An American tourist might be appalled by the way police take bribes throughout much of Asia, Africa and Latin America. Local customs in these parts of the world not only permit but condone payoffs to the police.
It was November 1979. I was a major in the U.S. Air Force assigned to the office of the Secretary of Defense and had just been ordered by my boss to report to the Joint Operations Center in the bowels of the Pentagon to join a Crisis Action Team - or CAT, as we called it.
Let us return to the topic of dropout rates in the Hart District.
The Summer Olympics has always made for favorite family viewing at our house.
Is there a finer event in the Santa Clarita Valley than Silents Under the Stars? Where else can you have some of the tastiest barbecue (from Rattler's) and watch a silent Western starring Bill Hart set to an original score, while munching popcorn as the gentle breezes caress you as they move across La Loma de los Vientos (the Hill of the Winds)?
In one of the greatest cinematic accomplishments of the 20th century, "Men in Black" (1997), J (Will Smith) and K (Tommy Lee Jones) are chasing dangerous aliens around New York City. At one point, they lose the trail of their nemesis and are forced to consult the "hot sheets" - supermarket tabloids.
At the park the other day my 5-year-old son found a pine cone that he wanted to take home. I told him that what we find at the park stays at the park. Without even asking why, he dropped the pine cone, and we went home. Good boy.
On July 25, the National Marine Fisheries Service issued a document that could eventually return steelhead salmon to the Santa Clara River.
The far right neoconservatives continue to get what they absolutely need to satisfy their basic needs: An enemy!
Law school only teaches three things that one cannot learn elsewhere: The Rule Against Perpetuities, the Hearsay Rule, and my personal favorite: "Assuming Facts not in Evidence."
Well, folks, if you're not outraged by the buying of Councilwoman Laurie Ender's election seat, then we're all in trouble.
Among the numerous reporter note pad destinations I've known through the years, one has always held a special place in my heart: The Santa Clarita Valley Senior Center.
My 5-year-old son started kindergarten on Wednesday, and my wife and I were among the 2 million parents there to say goodbye forever to our precious little offspring.
This never happens to me. I got $1,800 from the U.S. Treasury as part of the "Economic Stimulus" program that was recently enacted. But it is still sitting in our checking account. I've been thinking about it, and I'm not sure why it is still there.
Monday was the celebration day of St. Claire, namesake of our Santa Clara River.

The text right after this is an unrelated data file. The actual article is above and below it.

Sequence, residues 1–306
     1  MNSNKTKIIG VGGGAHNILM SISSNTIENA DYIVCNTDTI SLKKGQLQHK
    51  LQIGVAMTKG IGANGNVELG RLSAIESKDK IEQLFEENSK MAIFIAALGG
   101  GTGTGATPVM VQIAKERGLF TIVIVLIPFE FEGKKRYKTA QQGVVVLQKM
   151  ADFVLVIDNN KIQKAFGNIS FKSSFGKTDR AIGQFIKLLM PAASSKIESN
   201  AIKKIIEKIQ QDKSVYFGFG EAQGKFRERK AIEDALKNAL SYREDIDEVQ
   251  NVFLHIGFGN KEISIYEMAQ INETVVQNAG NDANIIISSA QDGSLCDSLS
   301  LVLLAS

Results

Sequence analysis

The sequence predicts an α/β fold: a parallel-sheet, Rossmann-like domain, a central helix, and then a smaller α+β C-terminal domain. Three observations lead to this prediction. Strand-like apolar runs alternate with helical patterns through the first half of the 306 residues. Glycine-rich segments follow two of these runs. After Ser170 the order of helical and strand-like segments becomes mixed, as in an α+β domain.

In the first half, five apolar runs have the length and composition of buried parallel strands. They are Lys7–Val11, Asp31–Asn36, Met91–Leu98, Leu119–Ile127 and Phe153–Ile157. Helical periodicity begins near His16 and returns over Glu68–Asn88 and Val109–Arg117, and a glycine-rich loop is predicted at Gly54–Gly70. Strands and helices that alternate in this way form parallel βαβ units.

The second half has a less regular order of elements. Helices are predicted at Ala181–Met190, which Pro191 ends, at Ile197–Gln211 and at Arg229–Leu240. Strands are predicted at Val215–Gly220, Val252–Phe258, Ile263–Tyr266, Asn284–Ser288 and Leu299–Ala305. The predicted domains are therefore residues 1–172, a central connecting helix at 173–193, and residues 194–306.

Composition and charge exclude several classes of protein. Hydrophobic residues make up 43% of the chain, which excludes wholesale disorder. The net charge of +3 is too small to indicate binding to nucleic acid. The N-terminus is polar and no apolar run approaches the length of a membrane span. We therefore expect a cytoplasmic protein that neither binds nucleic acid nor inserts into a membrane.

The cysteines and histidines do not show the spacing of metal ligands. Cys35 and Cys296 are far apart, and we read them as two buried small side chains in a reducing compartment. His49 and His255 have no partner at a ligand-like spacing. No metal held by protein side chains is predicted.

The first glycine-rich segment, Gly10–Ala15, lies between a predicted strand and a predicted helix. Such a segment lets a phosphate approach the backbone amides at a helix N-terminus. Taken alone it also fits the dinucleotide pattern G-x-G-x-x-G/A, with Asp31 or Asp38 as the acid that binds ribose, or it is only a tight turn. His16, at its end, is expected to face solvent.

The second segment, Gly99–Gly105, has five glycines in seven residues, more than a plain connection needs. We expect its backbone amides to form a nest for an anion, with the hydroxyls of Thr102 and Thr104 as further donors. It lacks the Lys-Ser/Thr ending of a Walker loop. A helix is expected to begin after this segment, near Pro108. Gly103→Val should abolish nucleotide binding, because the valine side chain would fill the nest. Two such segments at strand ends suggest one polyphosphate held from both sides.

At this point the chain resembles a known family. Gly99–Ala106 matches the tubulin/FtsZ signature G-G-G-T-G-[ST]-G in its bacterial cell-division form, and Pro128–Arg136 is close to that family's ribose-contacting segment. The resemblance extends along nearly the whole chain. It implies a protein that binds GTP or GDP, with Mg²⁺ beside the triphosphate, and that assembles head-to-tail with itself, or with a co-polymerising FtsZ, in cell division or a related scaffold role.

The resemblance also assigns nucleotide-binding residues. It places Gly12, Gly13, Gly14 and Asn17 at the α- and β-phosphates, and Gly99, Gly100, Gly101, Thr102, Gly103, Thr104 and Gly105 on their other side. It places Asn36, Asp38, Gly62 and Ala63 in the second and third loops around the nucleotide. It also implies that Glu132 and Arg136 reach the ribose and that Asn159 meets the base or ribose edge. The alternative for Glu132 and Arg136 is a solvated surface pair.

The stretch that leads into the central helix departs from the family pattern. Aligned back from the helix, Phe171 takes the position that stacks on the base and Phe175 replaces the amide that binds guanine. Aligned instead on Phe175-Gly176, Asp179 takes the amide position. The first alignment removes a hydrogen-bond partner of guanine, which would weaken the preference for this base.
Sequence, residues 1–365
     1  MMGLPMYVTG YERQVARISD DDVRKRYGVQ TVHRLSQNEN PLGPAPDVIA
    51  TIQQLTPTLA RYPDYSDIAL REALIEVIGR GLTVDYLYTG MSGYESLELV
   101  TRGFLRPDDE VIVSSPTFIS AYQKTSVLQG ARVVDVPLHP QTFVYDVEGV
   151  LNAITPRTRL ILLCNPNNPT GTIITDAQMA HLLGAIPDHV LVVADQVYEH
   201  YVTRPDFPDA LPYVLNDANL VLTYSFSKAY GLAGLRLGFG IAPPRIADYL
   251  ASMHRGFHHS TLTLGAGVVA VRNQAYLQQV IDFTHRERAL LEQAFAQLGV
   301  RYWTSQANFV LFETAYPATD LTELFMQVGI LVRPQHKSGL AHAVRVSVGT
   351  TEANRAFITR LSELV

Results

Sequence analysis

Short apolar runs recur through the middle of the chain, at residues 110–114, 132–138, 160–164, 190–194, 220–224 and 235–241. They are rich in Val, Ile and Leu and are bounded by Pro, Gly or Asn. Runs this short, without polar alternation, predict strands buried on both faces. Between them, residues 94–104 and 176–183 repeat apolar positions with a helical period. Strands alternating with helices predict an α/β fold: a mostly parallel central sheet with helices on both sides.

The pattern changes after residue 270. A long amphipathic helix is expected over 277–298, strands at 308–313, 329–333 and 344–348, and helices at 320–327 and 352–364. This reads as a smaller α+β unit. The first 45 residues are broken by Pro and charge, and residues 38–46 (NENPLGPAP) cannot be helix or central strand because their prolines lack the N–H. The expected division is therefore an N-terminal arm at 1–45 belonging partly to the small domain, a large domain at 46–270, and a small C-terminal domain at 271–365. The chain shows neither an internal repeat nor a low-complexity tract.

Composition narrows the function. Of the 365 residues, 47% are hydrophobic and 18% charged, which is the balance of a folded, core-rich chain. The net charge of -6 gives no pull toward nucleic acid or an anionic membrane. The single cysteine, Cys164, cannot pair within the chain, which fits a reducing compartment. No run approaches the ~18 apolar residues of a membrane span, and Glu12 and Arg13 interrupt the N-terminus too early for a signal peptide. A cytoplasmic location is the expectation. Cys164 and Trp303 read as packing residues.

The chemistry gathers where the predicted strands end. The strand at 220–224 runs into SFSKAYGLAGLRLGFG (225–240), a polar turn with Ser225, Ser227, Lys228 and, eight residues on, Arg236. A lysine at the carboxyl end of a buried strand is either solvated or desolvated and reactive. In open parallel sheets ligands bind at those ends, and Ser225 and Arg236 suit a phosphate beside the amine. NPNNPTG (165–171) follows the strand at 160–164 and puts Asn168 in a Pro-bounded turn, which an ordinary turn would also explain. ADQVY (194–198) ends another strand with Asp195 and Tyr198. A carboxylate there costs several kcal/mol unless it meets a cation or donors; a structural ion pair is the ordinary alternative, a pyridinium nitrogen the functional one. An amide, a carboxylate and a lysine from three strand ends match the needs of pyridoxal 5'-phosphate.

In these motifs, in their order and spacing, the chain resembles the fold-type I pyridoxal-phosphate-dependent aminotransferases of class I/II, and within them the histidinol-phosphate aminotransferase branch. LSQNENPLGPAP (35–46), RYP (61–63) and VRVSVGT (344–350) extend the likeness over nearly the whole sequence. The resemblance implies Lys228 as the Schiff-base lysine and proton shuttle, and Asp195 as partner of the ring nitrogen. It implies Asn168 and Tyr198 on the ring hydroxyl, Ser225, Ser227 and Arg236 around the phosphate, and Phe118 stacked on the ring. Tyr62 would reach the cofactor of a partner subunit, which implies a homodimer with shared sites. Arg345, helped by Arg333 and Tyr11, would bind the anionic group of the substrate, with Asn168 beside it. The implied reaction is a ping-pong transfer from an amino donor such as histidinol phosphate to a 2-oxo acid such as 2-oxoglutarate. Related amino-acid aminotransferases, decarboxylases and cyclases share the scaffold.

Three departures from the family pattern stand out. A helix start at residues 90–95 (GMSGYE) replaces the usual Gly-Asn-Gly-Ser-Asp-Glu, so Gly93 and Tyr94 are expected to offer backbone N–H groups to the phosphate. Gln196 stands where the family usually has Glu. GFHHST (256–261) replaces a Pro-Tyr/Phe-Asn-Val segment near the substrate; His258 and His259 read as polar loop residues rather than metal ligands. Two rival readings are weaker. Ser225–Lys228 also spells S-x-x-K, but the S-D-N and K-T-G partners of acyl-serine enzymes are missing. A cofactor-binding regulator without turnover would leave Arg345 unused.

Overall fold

With just over two months until the mid-term elections in November, it's time to talk about voting choices. No, I won't be endorsing candidates, issues, or parties. What I will do is suggest some strategies for getting factual information and making wise choices before you enter the voting booth.
Three million dollars. It's a drop in the bucket for a $100-plus-billion budget.
"I just don't get it!" Being on the receiving end of many of my Uncle Earl's tirades, I am now familiar with the lead-in to one of his standard diatribes.
I have opposed the high-speed rail project since its inception and am troubled by Gov. Jerry Brown's single-minded pursuit of it since he took office in 2011.
"Oops!" Gov. Rick Perry infamously uttered during the 2012 Republican primaries.
Smoke slinks across pavement in the darkness, cries from gassed citizens fill the air, people break into a McDonald's to provide milk-based relief to a person hit with tear gas, sound weapons pass levels that cause permanent damage, police shoot pellets at journalists.
Recently I read a study on English language clichés that named "it is what it is" as the most annoying.
Gubernatorial candidate Neel Kashkari pegged it: The high-speed rail is Jerry Brown's Crazy Train. Equally, The Signal named it "the high speed hoodwink" (July 13, 2014).
The Aug. 15, 2015, edition of The Signal contained an op-ed piece by Phil Kerpen entitled "A big new tax coming."
Ah, the 1973–1974 oil crisis. I was 17, driving my blue 1968 VW Bug back and forth from high school and work.
Here's a question: when politicians or public figures are dead wrong about a claim they've repeatedly made, what expectations does the public reasonably have to either an apology or even an acknowledgement that they were wrong in the first place?
By my count, this column is #211. Two hundred eleven times I have put my thoughts into writing and offered them up to the public conversation and critique. I must admit, when I first suggested a column on ethics to the leadership of the Signal I never dreamed it would come to this. This column has become part of my weekly routine. More than that it has become a bit of a master. It has me under its thumb, always reminding me another 750 words will be required, and should make at least some sense.
Undoubtedly, we've all heard it said before: the future is STEM.
"People who run ball clubs, they think in terms of buying players. Your goal shouldn't be to buy players. Your goal should be to buy wins and in order to buy wins, you need to buy your runs."
In California, water is life. Water access and rights have always been a fight for life, with farming interests warring against consumer water districts, while end consumers demand abundant water to maintain a lush Southern Californian suburban lifestyle.